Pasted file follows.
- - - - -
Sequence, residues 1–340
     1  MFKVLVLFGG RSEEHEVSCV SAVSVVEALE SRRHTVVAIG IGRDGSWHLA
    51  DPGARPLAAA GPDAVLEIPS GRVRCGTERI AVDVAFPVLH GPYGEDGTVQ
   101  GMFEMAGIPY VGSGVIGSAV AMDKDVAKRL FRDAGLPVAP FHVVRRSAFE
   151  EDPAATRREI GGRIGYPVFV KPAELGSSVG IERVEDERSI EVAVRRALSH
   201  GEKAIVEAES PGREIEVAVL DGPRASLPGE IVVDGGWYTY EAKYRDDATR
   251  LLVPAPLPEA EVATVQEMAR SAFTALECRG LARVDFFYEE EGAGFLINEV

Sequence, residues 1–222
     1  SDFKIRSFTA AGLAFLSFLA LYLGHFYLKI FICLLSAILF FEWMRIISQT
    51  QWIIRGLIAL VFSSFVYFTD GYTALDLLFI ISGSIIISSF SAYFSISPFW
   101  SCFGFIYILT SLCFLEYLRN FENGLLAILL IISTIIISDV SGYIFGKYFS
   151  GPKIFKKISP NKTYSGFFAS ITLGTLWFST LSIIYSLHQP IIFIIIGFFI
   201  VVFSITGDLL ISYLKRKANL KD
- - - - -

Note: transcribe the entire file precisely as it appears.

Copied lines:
Sequence, residues 1–340
     1  MFKVLVLFGG RSEEHEVSCV SAVSVVEALE SRRHTVVAIG IGRDGSWHLA
    51  DPGARPLAAA GPDAVLEIPS GRVRCGTERI AVDVAFPVLH GPYGEDGTVQ
   101  GMFEMAGIPY VGSGVIGSAV AMDKDVAKRL FRDAGLPVAP FHVVRRSAFE
   151  EDPAATRREI GGRIGYPVFV KPAELGSSVG IERVEDERSI EVAVRRALSH
   201  GEKAIVEAES PGREIEVAVL DGPRASLPGE IVVDGGWYTY EAKYRDDATR
   251  LLVPAPLPEA EVATVQEMAR SAFTALECRG LARVDFFYEE EGAGFLINEV

Sequence, residues 1–222
     1  SDFKIRSFTA AGLAFLSFLA LYLGHFYLKI FICLLSAILF FEWMRIISQT
    51  QWIIRGLIAL VFSSFVYFTD GYTALDLLFI ISGSIIISSF SAYFSISPFW
   101  SCFGFIYILT SLCFLEYLRN FENGLLAILL IISTIIISDV SGYIFGKYFS
   151  GPKIFKKISP NKTYSGFFAS ITLGTLWFST LSIIYSLHQP IIFIIIGFFI
   201  VVFSITGDLL ISYLKRKANL KD